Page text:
How to bring Earth Observation into the classroom?
Teachers wanting to contribute to science education with young students and bring innovative teaching materials to their classroom should include remote sensing and Earth Observation in their curricula. The Copernicus ecosystem and wider remote sensing community offer many tools and training opportunities to support teachers in this endeavour.
Promoting science education with young students
The Copernicus programme, and remote sensing more generally, can help boost young students’ interests in science. Incorporating remote sensing activities in the classroom provides teachers with an opportunity to make science learning interactive and more attractive to students, all the while establishing connections between STEM (Science, Technology, Engineering and Mathematics) subjects. This not only allows students to acquire general scientific literacy, but also boosts interest in the earth observation and remote sensing sector.
Students become familiar with the basic principles of Earth observation, such as properties of satellites images, image processing and analysis, as well as the benefits that earth observation brings to society. Teachers can showcase how earth observation data can be used to help monitor some of the most pressing environmental issues, such as climate change or air and marine pollution, assist public authorities with emergency management and response, or foster the development of innovative applications and solutions.
Engaging students in analysing satellite imagery, such as optical images, or data products, such as the Copernicus Climate Change Service’s Climate Bulletins, can help spark student’s interest in remote sensing and earth observation, which in turn may broaden their horizons and encourage them to pursue future careers in scientific fields.
Innovating in the classroom through remote sensing
Remote sensing and Earth observation data offer a great opportunity for teachers to divert from traditional teaching techniques. As young students are more familiar with new technologies and keener to use them, teachers need to adapt their lessons to their students’ changing interests and, therefore, explore new forms of teaching and learning.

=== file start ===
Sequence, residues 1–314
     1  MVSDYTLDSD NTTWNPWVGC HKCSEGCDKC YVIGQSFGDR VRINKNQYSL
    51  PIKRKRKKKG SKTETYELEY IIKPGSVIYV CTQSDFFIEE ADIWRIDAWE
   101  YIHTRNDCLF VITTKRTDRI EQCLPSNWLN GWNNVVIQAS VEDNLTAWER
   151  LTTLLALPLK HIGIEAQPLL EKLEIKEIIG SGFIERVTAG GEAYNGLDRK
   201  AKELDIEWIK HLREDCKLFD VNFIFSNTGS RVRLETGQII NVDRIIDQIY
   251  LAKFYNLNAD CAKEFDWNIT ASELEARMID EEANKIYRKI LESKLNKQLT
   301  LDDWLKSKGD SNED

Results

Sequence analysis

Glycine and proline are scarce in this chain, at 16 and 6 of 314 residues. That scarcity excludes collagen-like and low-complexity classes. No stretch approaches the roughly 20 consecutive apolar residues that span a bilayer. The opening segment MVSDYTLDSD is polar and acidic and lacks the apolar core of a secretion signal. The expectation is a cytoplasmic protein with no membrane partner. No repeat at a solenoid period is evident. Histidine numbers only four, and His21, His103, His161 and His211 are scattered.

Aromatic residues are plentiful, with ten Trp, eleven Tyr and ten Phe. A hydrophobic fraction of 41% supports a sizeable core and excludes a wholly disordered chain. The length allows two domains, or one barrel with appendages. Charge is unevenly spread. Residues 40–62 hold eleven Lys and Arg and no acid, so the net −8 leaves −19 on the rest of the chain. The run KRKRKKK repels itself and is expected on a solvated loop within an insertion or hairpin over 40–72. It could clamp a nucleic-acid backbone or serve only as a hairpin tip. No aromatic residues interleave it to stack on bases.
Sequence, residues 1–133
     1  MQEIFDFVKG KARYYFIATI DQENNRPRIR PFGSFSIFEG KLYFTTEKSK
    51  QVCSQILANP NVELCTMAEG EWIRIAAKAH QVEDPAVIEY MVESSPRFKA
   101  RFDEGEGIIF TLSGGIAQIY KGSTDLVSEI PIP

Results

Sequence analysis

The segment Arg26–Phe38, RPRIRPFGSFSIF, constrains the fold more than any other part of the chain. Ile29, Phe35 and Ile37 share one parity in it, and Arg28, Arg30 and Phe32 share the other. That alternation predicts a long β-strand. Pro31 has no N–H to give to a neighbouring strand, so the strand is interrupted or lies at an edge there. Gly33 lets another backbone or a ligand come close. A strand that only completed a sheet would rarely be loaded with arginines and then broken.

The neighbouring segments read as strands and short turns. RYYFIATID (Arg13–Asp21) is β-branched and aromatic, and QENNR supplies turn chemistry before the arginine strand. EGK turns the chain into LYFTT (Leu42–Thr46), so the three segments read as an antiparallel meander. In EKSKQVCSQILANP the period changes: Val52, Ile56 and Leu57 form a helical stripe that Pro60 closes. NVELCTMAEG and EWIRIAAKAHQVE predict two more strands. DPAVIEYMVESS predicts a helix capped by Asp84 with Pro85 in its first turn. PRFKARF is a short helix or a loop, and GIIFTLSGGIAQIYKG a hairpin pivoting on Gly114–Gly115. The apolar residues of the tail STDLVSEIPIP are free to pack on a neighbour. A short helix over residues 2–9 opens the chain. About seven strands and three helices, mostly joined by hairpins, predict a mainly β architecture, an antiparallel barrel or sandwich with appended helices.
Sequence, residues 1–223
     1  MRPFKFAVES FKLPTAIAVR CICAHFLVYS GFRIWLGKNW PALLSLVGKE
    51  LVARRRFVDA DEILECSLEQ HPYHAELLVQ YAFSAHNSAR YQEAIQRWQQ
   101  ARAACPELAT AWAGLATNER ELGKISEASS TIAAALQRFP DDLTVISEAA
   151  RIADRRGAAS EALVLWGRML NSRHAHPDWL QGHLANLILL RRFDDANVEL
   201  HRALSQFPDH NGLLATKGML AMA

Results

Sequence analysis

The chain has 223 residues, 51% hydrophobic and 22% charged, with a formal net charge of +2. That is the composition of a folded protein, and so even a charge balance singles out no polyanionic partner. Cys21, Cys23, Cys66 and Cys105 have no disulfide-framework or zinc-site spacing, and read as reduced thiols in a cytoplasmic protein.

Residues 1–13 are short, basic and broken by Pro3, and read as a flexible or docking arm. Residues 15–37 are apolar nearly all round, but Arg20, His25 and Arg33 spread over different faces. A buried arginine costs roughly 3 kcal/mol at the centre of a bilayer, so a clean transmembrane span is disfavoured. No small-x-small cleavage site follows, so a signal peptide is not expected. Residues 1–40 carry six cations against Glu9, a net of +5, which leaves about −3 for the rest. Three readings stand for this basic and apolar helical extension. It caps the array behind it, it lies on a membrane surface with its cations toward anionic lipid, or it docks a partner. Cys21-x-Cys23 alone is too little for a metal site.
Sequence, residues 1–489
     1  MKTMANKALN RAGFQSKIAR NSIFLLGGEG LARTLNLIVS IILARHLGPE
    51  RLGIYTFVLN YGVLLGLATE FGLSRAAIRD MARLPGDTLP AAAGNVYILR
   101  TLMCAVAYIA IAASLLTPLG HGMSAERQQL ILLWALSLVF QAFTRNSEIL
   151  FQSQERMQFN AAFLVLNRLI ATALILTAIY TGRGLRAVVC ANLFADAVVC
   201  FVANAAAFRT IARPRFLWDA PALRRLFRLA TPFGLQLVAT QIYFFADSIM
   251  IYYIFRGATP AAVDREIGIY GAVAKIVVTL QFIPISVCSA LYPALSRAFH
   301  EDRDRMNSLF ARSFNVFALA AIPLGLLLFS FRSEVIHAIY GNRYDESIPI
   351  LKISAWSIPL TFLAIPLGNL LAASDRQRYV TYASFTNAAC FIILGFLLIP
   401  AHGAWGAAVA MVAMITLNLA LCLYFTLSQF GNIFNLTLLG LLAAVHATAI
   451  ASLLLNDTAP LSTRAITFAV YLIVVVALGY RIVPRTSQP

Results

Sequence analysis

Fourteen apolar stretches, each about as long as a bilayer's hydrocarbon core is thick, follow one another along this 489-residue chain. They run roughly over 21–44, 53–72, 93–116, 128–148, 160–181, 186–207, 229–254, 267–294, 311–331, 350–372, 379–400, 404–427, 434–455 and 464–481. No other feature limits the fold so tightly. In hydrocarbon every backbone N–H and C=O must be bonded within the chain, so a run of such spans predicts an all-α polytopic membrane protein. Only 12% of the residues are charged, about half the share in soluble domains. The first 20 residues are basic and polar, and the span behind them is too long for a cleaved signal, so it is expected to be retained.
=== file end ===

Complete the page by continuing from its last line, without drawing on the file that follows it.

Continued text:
Due to its multidisciplinary nature, remote sensing and earth observation can provide a rich source of teaching materials to use in a large array of classes from science classes (e.g., physics, geography), to social sciences and ‘current affairs’.
For example, teachers can incorporate data from the Copernicus Land Monitoring Service that showcases land cover use and change in Europe and around the world, to analyse how cities have expanded, or the loss of tree cover.
Land Cover in Belgium for 2018 (available at: https://land.copernicus.eu/dashboards/clc-clcc-2000-2018)
Sentinel-2 and Sentinel-3 images can be used in geography classes or history classes to show students famous historic sites or the size and location of the world’s deserts and seas. Data from the Copernicus Atmosphere Monitoring Service could be used to provide visual supports for teachers to explain air pollution, including linked to wildfires, or the ozone hole and its monitoring.
3D rendering of the ozone hole up to 13 September 2020 (available at: https://atmosphere.copernicus.eu/monitoring-ozone-protect-life-earth)
Data from the Copernicus Climate Change Service and the Marine Environment Monitoring Service can be used to support teachers in explaining climate change and its impact on our planet, including the role of the ocean in mitigating it, or explaining how plastic pollution is transported in the sea.
Video summary of the Copernicus Climate Change Service’s 2020 European State of the Climate (available at: https://climate.copernicus.eu/sites/default/files/2021-04/ESOTC_2020_video_final.mp4)
Supporting teachers: tools and training opportunities